He continues: “It was about surviving and, at the same time, having fun,” he says.

-What things would Robin do if it was produced today?

Robin has a part-time job as a computer technician and Benjamin is prematurely retired after an unfortunate accident. He has been given a wheelchair and is a medical cannabis activist. They still hang out. Robin and his friend Benjamin have been friends since they were teenagers. Time passes quickly and suddenly they are standing looking at each other and they are over 50 years old. Or, Robin is standing and Benjamin is sitting in his wheelchair, in which he now spends his days as a result of an unnecessary accident.

-What happened to Benjamin and why is he now in a wheelchair?

-During a party, he spent the entire night up in a tree drinking beer, and then Robin bet that Benjamin could safely jump out of the tree with an umbrella as a parachute. In turn, Robin lives in his spacious 35-square-meter studio. And he’s completely fine. The job as a computer technician at Achmed’s IT service and Dry Cleaning is also fine. It’s not a good tech job, to be honest. Most of the time he travels with small packages to different addresses in the city. But it’s okay. Sometimes Robin DJs at PizzaGuzzen where he plays hip-hop and some dub. He didn’t start a family. He doesn’t really have time for that. Sometimes he has to relax. Or… most of the time.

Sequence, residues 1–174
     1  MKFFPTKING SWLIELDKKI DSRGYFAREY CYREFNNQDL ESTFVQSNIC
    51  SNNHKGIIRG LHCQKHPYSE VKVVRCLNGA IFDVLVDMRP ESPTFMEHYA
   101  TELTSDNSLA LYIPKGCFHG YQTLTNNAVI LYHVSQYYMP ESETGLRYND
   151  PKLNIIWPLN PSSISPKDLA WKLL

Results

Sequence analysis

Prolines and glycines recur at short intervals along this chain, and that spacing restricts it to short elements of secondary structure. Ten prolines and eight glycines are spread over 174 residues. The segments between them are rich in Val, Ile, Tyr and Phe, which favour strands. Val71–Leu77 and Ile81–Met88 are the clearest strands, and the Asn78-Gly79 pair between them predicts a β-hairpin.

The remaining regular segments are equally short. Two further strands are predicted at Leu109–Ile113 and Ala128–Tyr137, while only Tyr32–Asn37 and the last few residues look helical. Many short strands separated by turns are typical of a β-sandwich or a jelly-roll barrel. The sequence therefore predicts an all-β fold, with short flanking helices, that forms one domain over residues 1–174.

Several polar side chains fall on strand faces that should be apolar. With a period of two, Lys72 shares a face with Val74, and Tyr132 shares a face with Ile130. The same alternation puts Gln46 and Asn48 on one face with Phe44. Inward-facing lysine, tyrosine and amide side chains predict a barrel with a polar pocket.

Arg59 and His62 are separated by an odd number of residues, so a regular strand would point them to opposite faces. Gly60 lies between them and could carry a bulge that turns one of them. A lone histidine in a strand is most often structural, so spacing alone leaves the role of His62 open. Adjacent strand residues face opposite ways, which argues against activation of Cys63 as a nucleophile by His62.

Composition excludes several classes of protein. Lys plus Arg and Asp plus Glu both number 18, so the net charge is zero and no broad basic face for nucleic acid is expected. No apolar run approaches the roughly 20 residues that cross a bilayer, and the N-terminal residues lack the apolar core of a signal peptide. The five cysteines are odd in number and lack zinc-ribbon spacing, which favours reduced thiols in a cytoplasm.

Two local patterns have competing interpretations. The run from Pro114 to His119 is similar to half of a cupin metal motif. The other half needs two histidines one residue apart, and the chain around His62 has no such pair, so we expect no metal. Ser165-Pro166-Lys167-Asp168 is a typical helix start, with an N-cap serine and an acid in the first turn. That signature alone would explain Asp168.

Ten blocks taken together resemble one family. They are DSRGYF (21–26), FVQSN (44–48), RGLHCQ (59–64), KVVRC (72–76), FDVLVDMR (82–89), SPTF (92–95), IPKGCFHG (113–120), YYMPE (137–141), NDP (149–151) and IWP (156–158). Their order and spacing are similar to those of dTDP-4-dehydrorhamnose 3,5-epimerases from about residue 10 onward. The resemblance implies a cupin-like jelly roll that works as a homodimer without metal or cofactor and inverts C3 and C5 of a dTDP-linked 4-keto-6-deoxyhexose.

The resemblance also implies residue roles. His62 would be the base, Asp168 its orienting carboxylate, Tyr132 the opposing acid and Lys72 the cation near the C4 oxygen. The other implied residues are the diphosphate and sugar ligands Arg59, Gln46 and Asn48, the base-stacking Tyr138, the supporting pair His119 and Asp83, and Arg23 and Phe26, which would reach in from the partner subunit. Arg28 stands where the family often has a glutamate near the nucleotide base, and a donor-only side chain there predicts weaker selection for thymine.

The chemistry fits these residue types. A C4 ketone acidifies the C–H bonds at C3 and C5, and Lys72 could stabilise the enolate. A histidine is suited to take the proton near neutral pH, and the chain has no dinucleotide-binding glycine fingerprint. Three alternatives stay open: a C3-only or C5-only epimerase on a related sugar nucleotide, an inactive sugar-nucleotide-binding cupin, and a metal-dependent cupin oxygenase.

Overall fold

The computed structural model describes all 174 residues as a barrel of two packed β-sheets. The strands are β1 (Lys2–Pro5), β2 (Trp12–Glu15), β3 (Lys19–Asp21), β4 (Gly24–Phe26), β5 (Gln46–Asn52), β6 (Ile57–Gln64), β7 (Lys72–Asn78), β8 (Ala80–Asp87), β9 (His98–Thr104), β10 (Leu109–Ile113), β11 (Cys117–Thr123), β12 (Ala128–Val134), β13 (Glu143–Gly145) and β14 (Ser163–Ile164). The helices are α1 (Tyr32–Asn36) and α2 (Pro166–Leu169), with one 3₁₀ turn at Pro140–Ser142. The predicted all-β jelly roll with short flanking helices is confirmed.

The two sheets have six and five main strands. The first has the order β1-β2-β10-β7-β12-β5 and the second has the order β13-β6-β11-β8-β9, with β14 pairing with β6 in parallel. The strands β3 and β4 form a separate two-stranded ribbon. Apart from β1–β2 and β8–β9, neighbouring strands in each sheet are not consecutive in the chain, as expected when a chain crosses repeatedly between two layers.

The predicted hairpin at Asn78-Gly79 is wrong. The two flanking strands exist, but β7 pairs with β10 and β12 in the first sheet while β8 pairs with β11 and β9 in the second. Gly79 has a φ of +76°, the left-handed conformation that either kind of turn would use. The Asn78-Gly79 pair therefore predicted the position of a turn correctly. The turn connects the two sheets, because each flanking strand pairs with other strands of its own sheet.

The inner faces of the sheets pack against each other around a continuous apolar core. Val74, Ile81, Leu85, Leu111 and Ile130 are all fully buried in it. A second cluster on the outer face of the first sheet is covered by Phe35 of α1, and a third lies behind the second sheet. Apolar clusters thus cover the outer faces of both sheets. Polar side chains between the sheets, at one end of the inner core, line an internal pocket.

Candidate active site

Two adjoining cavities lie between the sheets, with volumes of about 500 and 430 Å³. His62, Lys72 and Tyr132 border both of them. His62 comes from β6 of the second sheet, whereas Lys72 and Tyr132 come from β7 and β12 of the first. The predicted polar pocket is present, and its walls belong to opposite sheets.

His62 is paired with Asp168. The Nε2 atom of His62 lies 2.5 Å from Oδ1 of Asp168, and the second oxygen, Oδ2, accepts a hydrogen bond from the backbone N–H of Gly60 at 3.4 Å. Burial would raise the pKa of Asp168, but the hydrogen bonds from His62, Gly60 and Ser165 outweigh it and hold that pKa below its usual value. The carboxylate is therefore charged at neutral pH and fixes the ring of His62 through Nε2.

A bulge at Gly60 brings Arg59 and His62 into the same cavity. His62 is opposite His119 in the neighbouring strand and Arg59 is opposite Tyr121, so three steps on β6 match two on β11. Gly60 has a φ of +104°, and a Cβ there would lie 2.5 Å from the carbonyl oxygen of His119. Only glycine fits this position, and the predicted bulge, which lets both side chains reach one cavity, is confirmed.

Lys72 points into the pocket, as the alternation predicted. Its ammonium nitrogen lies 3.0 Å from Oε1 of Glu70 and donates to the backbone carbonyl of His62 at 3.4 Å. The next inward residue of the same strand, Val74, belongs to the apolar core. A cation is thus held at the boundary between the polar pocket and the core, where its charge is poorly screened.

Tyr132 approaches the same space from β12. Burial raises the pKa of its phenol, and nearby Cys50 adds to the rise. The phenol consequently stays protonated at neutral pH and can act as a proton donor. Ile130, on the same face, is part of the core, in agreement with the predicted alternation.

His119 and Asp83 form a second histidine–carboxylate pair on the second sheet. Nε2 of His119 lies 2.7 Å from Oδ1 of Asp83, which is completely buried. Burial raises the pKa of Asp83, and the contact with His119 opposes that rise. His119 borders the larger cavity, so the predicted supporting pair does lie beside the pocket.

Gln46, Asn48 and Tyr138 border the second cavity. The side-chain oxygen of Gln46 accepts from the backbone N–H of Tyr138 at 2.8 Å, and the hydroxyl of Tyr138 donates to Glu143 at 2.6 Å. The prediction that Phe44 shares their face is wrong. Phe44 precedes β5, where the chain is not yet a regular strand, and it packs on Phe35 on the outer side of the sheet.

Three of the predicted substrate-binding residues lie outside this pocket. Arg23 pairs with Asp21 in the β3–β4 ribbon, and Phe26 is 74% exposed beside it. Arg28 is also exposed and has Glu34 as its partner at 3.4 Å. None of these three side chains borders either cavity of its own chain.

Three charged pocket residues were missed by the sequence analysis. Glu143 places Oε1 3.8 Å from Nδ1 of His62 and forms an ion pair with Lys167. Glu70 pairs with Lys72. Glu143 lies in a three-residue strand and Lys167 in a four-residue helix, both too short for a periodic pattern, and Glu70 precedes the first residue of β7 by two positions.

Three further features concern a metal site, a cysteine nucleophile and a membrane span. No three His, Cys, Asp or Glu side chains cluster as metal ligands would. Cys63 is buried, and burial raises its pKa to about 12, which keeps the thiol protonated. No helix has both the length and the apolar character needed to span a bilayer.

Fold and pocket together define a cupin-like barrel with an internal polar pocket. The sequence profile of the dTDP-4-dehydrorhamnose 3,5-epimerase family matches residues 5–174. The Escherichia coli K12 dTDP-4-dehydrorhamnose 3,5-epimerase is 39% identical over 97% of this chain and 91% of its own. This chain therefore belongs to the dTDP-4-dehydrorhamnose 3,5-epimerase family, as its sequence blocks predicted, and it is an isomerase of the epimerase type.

See also: ‘The Freak Brothers:’ A Stoner Animated Series With A Cast That Will Blow Your Mind

-And what about Benjamin’s life?

-Benjamin has moved into the same building as Robin, upstairs. But since the accident, Benjamin spends most of his time with Robin, because it is very difficult to go up or down any flight of stairs (no elevator) in the wheelchair. Benjamin is pre-retired and is a big advocate of medical cannabis. He is greatly helped by this medication and takes every opportunity to relieve pain. Benjamin is also very active on Tinder, with varying degrees of success.

During the 1990s, Sweden was a fairly carefree country. “It was easy to get an apartment and work. We were also precocious with IT and computers. And we young people had enough money to be able to travel the world,” explains the author.

And it’s no wonder that Robin had a very positive reception when it first started airing on television. Later, however, there was even more buzz when Radiohead wanted to have Robin as a starring character in a music video.

What, Radiohead!?!? Yes. In 1997, the British band Radiohead came across the Robin series on Channel 4 and went nuts. They quickly contacted Magnus Carlsson to have Robin star in the music video for their song “Paranoid Android”.

“His producer called me and asked if I wanted to do a video for the OK Computer album. And I wanted to do it,” Magnus recalls.

At the time, some parts of that music video were censored for containing “scenes of explicit nudity”.

-When you did the series, did you have any “encouragement”?


-What is your opinion on the recreational use of cannabis?